Yesterday I reported on the state’s hiring of an uncertified, unqualified sign language interpreter, Miss Clara Taylor. You may recall that there were eight other applicants for the position, seven of which tested better than Miss Taylor on their qualification exams, and six of which were certified interpreters.
I also mentioned that the taxpayers will be on the hook for paying for Miss Taylor’s certification and training, in order to get her up to speed, but it was uncertain what that cost would be. Now we have a pretty good idea.
Representative Bryan King, a member of the personnel committee that has been investigating this issue, passed along these figures that were obtained from UALR, where Miss Taylor will be enrolling:
The UALR Interpreter Education Program provides a 4-year B.A. degree in Interpretation: ASL/English with a minor in Educational Interpreting.
Most of our interpreting majors are full-time students who work part-time. The cost information below is based on full-time attendance requiring 4.5 years to complete a degree in interpretation. A person who works full-time, and takes classes part-time (such as the current ARS employee in the interpreter position who I assume will attend part-time) will take much longer. This is due to several reasons: a) sign language and interpreting courses are sequential and pre-requisite courses must be satisfied before taking higher level courses; 2) courses other than language courses are only offered once a year; c) all interpreting courses must be completed with a “C” or better and benchmark scores on sign language and interpreting must be met for continuation in the program. Additionally, interpreter graduates typically are able to pass the national RID certification test 1-3 years post B.A. graduation IF they continue gaining strong interpreting experience. Therefore, a full time student will require 5.5-7.5 years from ASL 1 to national certification. A part-time student will require up to 10 years to achieve the same outcome.
The UALR interpretation degree program requires 124-credit hours that include 44 hours of university prescribed core (general education) and 80 hours of sign language and interpreting course work. These 80 hours include:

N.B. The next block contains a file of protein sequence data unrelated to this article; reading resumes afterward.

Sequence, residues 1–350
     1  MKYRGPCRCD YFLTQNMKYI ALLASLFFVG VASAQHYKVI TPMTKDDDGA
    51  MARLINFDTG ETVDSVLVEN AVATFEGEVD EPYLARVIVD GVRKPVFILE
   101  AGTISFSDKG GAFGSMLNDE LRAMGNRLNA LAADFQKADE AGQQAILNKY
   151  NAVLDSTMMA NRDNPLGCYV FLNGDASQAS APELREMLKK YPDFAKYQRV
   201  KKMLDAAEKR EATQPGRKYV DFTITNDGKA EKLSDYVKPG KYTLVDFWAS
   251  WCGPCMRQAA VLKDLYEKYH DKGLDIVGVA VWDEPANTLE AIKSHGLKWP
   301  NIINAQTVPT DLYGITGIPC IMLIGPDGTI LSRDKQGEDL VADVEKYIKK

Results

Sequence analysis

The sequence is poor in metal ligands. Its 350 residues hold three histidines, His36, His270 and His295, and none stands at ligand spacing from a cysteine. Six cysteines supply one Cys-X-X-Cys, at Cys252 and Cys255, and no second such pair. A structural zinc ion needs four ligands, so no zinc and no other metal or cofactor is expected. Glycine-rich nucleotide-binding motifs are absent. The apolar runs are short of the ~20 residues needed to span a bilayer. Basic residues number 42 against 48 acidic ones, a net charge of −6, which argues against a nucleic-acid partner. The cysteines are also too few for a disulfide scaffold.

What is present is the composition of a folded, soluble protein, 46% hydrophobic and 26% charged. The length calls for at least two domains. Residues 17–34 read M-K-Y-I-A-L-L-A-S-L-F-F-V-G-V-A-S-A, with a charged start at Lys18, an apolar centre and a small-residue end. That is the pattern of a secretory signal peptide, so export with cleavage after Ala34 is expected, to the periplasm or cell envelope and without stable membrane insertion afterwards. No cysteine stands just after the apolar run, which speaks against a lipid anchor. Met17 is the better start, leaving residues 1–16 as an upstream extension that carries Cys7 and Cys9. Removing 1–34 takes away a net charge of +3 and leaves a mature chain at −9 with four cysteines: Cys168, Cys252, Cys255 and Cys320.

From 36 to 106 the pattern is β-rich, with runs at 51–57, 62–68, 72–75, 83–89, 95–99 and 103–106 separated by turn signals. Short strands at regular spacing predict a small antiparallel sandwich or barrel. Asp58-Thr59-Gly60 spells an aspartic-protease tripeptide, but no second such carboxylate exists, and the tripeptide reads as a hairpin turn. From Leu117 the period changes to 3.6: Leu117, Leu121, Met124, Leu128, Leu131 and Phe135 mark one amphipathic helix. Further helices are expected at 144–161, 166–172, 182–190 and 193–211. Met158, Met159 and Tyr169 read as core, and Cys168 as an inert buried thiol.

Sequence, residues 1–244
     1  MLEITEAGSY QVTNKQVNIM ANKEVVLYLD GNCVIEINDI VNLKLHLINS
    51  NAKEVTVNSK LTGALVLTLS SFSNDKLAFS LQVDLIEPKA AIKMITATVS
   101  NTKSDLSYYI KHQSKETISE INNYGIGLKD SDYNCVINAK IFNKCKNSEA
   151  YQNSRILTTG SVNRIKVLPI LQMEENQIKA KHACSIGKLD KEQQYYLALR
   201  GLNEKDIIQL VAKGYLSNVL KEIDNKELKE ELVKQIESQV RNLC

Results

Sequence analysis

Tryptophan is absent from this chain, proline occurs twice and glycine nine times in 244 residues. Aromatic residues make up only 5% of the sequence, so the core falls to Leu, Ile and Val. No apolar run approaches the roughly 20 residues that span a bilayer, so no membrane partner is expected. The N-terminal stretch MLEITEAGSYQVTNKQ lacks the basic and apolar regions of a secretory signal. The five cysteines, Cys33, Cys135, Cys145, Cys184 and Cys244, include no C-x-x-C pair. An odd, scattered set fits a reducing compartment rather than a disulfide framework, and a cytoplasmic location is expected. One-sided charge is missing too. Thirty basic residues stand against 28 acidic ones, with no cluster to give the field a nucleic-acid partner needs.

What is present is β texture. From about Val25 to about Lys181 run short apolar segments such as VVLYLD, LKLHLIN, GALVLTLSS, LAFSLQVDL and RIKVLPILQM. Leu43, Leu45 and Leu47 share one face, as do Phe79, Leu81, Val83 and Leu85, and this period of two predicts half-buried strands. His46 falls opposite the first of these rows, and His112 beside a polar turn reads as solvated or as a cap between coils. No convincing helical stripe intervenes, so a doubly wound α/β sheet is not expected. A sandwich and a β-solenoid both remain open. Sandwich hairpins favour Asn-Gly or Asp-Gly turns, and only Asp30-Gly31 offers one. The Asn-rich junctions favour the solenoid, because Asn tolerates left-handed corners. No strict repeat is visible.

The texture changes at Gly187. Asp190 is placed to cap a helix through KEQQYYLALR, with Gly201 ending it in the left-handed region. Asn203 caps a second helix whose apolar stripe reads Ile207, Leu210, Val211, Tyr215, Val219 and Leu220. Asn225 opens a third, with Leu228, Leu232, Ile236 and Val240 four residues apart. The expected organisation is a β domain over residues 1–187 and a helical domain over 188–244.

Sign Language Classes: 22 hours
Foundation Classes: 06 hours
Interpreting, Knowledge Based: 09 hours
Interpreting, Skills Based: 36 hours
Internship: 07 hours
Total: 80 hours
DEPARTMENT OF COUNSELING, ADULT AND REHABILITATION EDUCATION INTERPRETER EDUCATION PROGRAM CCIE ACCREDITED
The UALR website indicates the estimated cost to attend UALR as an Arkansas resident, full-time for 9 months (Sept – May), based on 2011-2012 rates as:
Undergrad Fees $1,447.00
Undergrad Tuition $5,124.00
TOTAL $8,145.00 per Fall/Spring academic year.
Because courses are sequential, nine semesters are required to complete this degree. Based on the above published calculation, 4.5 years (124 hours) = $36,652.50
Assuming that a person has completed the 44 hours of core courses and only needs the interpreting major courses (80 hours), the estimated cost (based on the above calculations) would be: $23,646.77 ($36,652.50 / 124 credit hrs =$295.59 X 80 credit hrs = $23,646.77).
This figure also does not include:
* the tuition increase approved for 2012-2013 nor any future increases in tuition/fees.
* the possibility that a student may not earn the minimum “C” in each sign language/interpreting course to move on, and/or
* the student may not meet the program’s benchmark exam requirements in ASL IV (SCPI Intermediate) or a QAST 1/1 during the Voice-to-Sign and Sign-to-Voice courses). Both of these are industry tests scored by outside, trained raters.
Failure to meet either benchmark can result in a student not moving forward in the program until the benchmark requirement is met.
As you can see, the requirements to become a nationally certified interpreter are rigorous and demand many years of commitment to study, practice, and testing.
So, not only has Walker hired a unqualified friend to this position, she is now being given a free $36,600+ degree, compliments of the taxpayer!
And of course this $36,600 does not include Miss Taylor’s state salary and other benefits, which she has been collecting for several months, despite not doing her job, according to KATV.